Let’s consider this example: In a smart home, the home knows what food available and what not. Now it could offer its inhabitant the service of always making sure dinner is possible. So if the fridge is empty and the inhabitant declares the inability of purchasing something before he/she gets home, the home would order food from a known service in the area that the inhabitant enjoys. Now the home orders pizza and the service provider receives the request. Even though on a technical level the home knows, the order has been received (TCP based communication), a functional order approval should be returned as well. Now if this order is not returned should the home order somewhere else? How long should it wait before ordering somewhere else? And what if it orders somewhere else and then receives an approval?

Such use cases were not covered in our prototype. We had (very) stupid things, they take commands and either don’t even send a response (433mhz) or do so but only on a technical level (Philips Hue with REST API).

But in the case of transactions, there need to be functional messages in both directions.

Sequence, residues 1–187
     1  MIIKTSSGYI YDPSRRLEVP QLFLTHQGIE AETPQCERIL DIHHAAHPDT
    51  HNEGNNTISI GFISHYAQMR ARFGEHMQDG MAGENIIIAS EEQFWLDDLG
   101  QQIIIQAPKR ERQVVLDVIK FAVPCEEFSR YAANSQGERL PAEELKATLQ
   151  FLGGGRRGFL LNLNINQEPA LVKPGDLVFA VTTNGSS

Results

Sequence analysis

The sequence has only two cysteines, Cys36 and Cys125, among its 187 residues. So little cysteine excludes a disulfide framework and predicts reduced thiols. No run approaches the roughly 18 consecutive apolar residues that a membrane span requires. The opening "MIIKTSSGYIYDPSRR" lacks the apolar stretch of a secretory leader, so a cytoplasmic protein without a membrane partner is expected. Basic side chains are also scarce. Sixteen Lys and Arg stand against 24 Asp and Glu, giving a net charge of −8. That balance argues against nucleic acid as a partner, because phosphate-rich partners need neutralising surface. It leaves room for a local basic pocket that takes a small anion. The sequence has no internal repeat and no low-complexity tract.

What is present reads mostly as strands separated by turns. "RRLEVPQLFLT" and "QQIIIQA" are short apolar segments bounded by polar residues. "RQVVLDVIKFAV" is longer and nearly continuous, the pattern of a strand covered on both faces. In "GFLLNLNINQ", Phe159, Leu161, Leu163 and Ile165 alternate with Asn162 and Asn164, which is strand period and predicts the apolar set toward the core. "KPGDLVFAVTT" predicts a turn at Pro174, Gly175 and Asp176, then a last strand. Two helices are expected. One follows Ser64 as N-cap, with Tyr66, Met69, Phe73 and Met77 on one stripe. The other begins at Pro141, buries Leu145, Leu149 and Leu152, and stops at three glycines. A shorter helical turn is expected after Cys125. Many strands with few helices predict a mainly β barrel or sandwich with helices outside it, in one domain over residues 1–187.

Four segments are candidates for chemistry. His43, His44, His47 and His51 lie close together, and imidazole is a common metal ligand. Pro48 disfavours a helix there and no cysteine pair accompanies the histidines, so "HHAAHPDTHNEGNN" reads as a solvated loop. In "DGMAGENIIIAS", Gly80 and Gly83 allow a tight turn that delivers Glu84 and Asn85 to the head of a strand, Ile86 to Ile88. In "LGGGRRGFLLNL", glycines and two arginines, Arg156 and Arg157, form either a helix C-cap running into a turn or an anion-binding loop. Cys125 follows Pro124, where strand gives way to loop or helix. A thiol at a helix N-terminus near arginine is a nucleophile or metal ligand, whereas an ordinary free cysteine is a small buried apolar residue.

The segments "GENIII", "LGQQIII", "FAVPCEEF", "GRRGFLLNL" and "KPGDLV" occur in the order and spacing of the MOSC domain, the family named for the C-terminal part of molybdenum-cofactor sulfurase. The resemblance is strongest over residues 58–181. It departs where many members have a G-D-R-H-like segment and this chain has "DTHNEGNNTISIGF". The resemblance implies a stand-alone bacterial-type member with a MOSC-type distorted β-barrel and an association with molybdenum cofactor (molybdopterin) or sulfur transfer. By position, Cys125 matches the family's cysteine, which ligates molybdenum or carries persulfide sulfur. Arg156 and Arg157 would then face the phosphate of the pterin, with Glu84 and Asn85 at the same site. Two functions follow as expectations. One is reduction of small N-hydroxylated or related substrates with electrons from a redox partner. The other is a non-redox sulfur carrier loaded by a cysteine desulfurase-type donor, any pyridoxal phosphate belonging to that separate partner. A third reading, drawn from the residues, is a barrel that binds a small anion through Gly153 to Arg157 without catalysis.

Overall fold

Working with changing environments

Our prototype was stationary. That doesn’t mean we didn’t try it in different environments but once set up, it didn’t move. Now a mobile IoT application would have to work with changing network connectivity capabilities and adapt accordingly. Sometimes, communication may not be possible at all so it needs to cache requests for an unknown time period and sync once connection is possible again. This could e.g. happen when technicians keep moving in and out of reception because they work in basements often. Oracle as an example offers a good solution for such data synchronization issues: Database Mobile Server takes care of syncing data between several mobile devices and a main database.